In response, Prime Minister Rishi Sunak negotiated the Windsor Framework with the EU, introducing new rules on the movement of goods and a veto for the implementation of EU law in Northern Ireland.
However, Sir Jeffrey insisted this did not go far enough, leading to months of protracted negotiations that have culminated in the command paper Safeguarding The Union, published by the Government this week.
– Why has the DUP agreed to the deal?
Sir Jeffrey has insisted the new arrangements have removed the Irish Sea trading border and restored Northern Ireland’s place within the UK internal market.
The deal will see the end of routine post-Brexit checks on goods shipped from Great Britain to final destinations in Northern Ireland, as well as a series of measures aimed at providing assurances around Northern Ireland’s constitutional position within the United Kingdom.
The DUP leader says this is the best deal that could be achieved for the people of Northern Ireland and has persuaded him to end his boycott of the powersharing institutions.
Sir Jeffrey has long argued in favour of restoring devolved government, providing his concerns over post-Brexit trade and sovereignty were addressed.
– Does this represent a major change to the trading arrangements agreed with Brussels?
It depends who you listen to.
Sir Jeffrey says his party has delivered “fundamental change” to the Windsor Framework by ending routine checks on goods moving from Great Britain to, and staying in, Northern Ireland.
Downing Street, however, has insisted the measures unveiled on Wednesday and approved by MPs on Thursday do not require specific EU sign-off, characterising them instead as “operational” changes to the framework, without altering the “fundamentals” of the bilateral deal.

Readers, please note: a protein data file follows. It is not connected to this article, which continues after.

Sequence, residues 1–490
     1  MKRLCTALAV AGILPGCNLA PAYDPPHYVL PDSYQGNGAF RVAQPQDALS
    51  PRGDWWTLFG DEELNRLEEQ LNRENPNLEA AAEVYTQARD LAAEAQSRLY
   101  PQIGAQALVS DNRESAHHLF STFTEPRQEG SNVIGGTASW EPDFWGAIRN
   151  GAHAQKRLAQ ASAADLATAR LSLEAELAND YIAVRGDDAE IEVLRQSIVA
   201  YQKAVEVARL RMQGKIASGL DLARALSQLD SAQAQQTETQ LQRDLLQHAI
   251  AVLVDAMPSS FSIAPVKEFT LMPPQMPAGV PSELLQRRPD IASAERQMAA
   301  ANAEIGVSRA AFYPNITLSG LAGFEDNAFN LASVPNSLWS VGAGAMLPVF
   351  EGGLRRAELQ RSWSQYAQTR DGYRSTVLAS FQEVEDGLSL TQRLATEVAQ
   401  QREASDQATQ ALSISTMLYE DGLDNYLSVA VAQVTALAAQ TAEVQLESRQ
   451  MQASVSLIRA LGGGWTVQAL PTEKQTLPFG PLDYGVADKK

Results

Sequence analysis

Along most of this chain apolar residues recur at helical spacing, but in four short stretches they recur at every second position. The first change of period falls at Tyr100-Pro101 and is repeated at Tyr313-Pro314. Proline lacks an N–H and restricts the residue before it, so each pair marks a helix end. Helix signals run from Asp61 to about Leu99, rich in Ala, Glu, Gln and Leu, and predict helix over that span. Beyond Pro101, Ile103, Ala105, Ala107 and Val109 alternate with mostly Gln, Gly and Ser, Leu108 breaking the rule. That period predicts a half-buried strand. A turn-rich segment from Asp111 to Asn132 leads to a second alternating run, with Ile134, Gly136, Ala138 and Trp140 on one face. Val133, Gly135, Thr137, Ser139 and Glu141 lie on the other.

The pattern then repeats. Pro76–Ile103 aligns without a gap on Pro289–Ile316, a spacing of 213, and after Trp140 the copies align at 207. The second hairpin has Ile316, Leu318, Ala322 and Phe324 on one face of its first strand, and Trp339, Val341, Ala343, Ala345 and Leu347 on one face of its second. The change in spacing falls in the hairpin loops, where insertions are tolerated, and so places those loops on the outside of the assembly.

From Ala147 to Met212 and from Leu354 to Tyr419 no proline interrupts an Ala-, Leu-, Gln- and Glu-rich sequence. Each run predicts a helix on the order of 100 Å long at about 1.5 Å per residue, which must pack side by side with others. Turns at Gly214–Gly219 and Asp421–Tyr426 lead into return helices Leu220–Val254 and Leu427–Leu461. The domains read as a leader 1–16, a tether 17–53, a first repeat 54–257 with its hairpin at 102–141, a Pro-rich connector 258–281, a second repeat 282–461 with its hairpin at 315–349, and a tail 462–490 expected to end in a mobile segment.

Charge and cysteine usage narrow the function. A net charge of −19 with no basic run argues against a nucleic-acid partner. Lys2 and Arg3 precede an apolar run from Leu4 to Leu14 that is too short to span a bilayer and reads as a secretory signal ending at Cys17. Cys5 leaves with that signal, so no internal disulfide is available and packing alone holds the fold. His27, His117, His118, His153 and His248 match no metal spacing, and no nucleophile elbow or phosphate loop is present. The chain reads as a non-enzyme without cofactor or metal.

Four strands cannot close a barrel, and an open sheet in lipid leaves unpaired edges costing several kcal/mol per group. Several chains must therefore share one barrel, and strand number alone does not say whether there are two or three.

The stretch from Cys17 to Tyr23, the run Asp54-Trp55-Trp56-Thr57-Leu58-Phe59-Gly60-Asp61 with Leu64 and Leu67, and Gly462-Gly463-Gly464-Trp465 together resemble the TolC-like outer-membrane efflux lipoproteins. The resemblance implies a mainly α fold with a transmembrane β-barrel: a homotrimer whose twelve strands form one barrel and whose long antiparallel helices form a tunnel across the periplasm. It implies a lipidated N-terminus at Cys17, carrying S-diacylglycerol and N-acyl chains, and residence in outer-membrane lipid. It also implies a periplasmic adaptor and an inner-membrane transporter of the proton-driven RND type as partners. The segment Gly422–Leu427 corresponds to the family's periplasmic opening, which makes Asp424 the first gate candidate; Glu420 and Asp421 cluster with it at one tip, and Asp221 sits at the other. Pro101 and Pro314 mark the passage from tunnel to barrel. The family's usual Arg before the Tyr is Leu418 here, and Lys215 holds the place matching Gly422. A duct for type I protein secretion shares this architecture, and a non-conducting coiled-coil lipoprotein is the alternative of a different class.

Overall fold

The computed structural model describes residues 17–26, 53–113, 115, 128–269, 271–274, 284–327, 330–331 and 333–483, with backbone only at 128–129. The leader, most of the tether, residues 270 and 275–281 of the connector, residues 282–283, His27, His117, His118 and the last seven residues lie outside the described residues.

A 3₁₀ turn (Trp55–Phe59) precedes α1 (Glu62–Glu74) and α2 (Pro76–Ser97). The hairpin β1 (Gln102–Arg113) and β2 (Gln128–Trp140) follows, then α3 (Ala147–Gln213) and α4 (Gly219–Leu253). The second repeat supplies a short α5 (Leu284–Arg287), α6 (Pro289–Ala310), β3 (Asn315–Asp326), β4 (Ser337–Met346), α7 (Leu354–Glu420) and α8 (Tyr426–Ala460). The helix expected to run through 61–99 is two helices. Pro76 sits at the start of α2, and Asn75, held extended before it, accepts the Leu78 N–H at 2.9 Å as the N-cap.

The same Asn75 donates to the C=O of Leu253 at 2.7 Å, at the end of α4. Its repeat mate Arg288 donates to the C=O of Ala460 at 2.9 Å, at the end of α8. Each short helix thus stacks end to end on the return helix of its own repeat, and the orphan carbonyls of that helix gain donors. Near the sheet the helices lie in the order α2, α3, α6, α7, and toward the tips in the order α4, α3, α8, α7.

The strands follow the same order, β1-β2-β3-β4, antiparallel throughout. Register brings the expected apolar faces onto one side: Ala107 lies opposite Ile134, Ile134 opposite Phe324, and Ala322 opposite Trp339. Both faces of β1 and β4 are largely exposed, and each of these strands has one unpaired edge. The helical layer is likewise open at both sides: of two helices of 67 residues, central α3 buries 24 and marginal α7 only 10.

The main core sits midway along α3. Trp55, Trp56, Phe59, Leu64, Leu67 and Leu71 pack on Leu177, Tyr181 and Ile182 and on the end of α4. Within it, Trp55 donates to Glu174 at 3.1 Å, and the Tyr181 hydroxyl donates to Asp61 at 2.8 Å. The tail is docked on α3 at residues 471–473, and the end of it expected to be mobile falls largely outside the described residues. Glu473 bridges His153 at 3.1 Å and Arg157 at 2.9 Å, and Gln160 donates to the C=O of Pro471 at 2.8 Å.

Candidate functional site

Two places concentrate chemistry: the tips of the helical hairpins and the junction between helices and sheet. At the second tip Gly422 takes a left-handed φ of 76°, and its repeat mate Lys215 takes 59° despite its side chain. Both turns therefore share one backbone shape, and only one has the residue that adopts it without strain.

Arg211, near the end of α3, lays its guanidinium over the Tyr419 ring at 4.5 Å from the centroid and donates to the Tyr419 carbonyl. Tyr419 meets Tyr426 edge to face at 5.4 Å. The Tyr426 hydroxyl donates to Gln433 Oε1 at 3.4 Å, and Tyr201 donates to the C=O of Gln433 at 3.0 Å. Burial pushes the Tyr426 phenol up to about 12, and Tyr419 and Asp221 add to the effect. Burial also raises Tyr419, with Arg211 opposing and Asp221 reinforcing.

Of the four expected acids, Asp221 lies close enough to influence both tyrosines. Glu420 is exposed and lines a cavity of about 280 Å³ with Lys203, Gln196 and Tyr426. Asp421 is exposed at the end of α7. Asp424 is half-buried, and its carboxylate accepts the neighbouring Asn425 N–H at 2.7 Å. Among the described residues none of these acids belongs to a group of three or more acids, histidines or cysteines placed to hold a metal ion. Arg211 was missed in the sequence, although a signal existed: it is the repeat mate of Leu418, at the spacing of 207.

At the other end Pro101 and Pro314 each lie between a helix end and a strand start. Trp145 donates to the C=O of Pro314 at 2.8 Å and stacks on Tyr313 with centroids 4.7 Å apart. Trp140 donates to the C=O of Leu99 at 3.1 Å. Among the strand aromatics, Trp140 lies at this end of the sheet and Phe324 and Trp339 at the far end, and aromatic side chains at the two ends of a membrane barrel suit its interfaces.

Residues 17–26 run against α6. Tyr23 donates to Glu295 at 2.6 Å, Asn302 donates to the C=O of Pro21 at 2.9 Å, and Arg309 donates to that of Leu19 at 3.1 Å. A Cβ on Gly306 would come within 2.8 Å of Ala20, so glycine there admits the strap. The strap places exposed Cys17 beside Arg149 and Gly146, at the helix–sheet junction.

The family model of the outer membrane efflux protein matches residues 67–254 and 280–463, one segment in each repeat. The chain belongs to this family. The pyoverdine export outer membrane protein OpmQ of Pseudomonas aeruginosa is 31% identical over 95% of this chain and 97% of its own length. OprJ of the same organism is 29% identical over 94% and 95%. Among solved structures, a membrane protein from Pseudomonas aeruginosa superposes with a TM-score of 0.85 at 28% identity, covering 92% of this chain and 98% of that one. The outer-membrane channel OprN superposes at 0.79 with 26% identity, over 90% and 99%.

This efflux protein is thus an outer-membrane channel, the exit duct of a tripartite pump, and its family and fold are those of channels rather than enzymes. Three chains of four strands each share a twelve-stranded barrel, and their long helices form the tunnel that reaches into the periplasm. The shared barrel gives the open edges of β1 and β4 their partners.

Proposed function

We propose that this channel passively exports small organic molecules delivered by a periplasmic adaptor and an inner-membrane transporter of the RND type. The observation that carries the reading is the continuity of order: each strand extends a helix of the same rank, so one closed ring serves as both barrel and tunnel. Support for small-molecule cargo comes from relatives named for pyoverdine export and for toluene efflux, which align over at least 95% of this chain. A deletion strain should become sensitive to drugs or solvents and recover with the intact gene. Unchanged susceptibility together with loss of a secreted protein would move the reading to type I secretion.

– Who is opposed to the DUP leader’s move?
Not everyone in the DUP supports accepting the arrangements that will lead to a return to powersharing.
A meeting of the party’s ruling executive, where Sir Jeffrey presented the proposals to members, lasted for more than five hours on Monday night.
He was ultimately able to secure the backing of the executive, insisting the margin of support was “decisive”, and the endorsement of the majority of his 12 party officers.
However, just hours after the command paper was published on Wednesday, senior DUP MP Sammy Wilson launched a scathing broadside against the Government in the House of Commons in a clear sign of the differing opinions at the highest levels of the party.
The arch-Brexiteer claimed the ongoing application of EU law in Northern Ireland was the result of a “spineless, weak-kneed, Brexit-betraying Government, refusing to take on the EU and its interference in Northern Ireland”.
On top of internal tensions, Sir Jeffrey faces criticism from some in the wider unionist and loyalist community.
On Thursday night, TUV leader Jim Allister and a loyalist activist addressed a meeting of unionists and loyalists opposed to Sir Jeffrey’s deal. They have insisted the Irish Sea trading border has not been removed.
On Friday, the pair revealed a legal opinion they had commissioned from Northern Ireland’s former attorney general John Larkin.
Key among the questions he was asked was whether the plan set out in the Safeguarding The Union command paper would restore the 1800 Acts of Union; whether they removed a customs and regulatory border in the Irish Sea; and do they ensure “zero checks and zero paperwork” for GB goods destined for Northern Ireland.
Mr Larkin argued that they achieved none of those objectives.
However, DUP leader Sir Jeffrey has rejected the findings of the legal opinion, stating that he “fundamentally disagreed” with it.